Introduce yourself, crew affiliations – all that jazz…
I’m Noah23, the Guelph oracle, Captain Clark, Fuzzylogic, Fulleffect.
How do you approach rapping, you have some more abstract material, how did you end up going that direction listening to Run DMC?
I was really into stuff like Faith No More, Red Hot Chili Peppers…Faith No More was a big inspiration for me, that’s part of the abstract lyrics. Basically I’ve always had an interest in psychedelic phenomenon and poetry, so like Bob Dylan, the Doors anything like that. Anything strange, strange films, strange words are just fascinating to me; I kind of search out strange paranormal things in life. Sometimes I kick more straightforward type of stuff. I think when I started, I had a lot more brain-vomit to kind of spew out; like a lot more abstract, train-of-thought stuff. Now it’s more streamlined.
Is the psychedelic/abstract phenomenon tied to drug-use?
Not necessarily…but yeah, it is. I’ve been reading a lot of different subjects and I’m really interested in Shamanism, ethnogenic drug use, and psychoactive plants. My dad’s dad wrote a poem about smoking gigantic bats –that was the word he used – he wrote a poem the day I was born in commemoration. So even from day one, people were smoking weed, celebrating the day I was born and my dad was a big hippie and used a lot of acid. He used to throw LSD confetti off balconies at Mardi gras. It’s just part of who I am, it’s pretty natural how that works itself into my music.
The last ugsmag interview you did said that you wanted to move to Vancouver Island. How has your music and your life changed since 2001?
Really not a whole lot except for the fact that I think I’m a lot better. It’s funny because a lot of my old fans don’t like my new material and I think a lot of potential new fans don’t like my new material because they didn’t like my older material. I kind of experiment a lot; some tracks I make really off the cuff and other tracks I really try to sculpt and mold them.
I’ve toured a lot and recorded a lot of material. I think I’m better in the studio and a lot better live. I’m still really hungry to show people my live show.
How do people in Guelph respond to your music?
Guelph is a big music/art community in general. I think growing up in Guelph really sculpted where I take my music. We have the Guelph Hillside Music Festival – which is ranked really high among world folk festivals – and I’ve been going there since I was 10. I was really part of a big DIY punk movement when I was 14, so nothing really held me back from knowing that I could make music myself. I play with anything from lesbian folk singers to spoken word artists – I can really apply myself in a lot of different scenarios. A lot of musicians I grew up with have moved on, but I like it in Guelph. Most people know I’m the godfather of Guelph when it comes to Guelph.
How come you’re not bigger in Canada consider you’ve been rapping for so long here?
I think part of it is that we’re isolated from the other scenes, so we’re kind of strong. And Toronto has always been sort of known as a haters spot – I haven’t felt that myself – but the way I see Toronto, it has a lot of pockets, a lot of tiny, small different kinds of scenes that don’t converge together. You need artists to bounce off of one another and different artists to play together to create a bigger movement. Canada’s a hard country to tour in and I don’t get my VideoFact grind on like Classified, so people don’t really know me like that.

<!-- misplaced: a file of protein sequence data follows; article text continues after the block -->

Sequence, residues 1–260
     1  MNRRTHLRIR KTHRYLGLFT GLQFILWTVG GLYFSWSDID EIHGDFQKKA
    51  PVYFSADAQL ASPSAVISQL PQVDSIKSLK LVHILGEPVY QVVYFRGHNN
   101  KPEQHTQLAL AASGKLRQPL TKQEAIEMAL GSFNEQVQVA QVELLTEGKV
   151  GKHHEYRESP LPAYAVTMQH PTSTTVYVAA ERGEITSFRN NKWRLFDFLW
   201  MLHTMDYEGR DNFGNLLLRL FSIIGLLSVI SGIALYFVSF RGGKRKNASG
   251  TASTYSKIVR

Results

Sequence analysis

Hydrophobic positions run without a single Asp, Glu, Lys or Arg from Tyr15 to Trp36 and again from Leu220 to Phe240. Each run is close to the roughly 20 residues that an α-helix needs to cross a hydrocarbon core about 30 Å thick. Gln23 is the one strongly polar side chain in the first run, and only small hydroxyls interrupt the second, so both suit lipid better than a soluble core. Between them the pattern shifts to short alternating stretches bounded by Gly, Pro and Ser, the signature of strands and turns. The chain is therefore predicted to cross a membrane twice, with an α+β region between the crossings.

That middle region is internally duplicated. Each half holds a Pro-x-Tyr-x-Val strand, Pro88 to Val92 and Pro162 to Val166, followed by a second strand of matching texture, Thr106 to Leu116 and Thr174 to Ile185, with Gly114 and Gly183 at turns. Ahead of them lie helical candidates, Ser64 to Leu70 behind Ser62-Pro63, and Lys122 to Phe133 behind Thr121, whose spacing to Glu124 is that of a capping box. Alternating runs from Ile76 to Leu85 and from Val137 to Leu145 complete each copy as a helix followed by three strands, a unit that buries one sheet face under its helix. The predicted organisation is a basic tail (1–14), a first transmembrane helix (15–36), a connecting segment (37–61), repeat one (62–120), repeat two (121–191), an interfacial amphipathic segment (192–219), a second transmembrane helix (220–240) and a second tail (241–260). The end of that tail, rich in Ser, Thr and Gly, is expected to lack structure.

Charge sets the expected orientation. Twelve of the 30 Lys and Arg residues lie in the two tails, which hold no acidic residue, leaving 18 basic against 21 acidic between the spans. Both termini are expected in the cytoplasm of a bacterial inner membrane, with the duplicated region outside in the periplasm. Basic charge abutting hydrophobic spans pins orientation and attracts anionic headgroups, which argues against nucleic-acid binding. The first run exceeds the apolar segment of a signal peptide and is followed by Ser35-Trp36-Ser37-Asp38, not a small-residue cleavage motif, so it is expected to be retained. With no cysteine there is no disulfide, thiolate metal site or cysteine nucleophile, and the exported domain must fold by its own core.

How did you connect with the label in Europe?
We released my album Quicksand here in North America in 2002 and a year later a label out of Hamburg SecondRec, they approached us to license the album in Europe. They picked it up and the label helped me get in touch with a booking agent out there. But unfortunately after one tour and a show in Spain, my booking agent died.
Europe’s cool and in a lot of ways I wish I could tap into North America the way I have in Europe. It’s funny when people sleep on you in your own country, but it’s like that for a lot of artists. You have to prove yourself elsewhere before people in your own community take you seriously.
You’re going on tour, maybe…
I’m really hungry to get some tours in the States. I’ve toured very minimally, I toured in Florida with Martinez and Bleubird and last year I played a one-off outside San Diego and I played one in Portland, Oregon; both the shows went really well. It’s a catch 22 because if you don’t get out there and hustle and pay your dues, nobody is going to know about you; but it’s not easy to go tour…
Do you find a lot of hardcore rap heads hating your shit?
It’s funny because I have a lot of different reputations. I’m too diverse; sometimes I might make a more abstract song, more melodic or maybe a more tough sounding track; so the styles can be really different. I really want to try to unify my image and try to let people know who I am and really just kind of sell that character. Some people think just ‘cause you’re from Canada you’re wack, but most of that is just bullshit to me, I just do what I do.
Have you been to Western Canada much?
Never. I played in Calgary once, but a brawl broke out and I never ended up rapping.
Your new album Rock Paper Scissors has a guest spot on every song, what’s the word on that?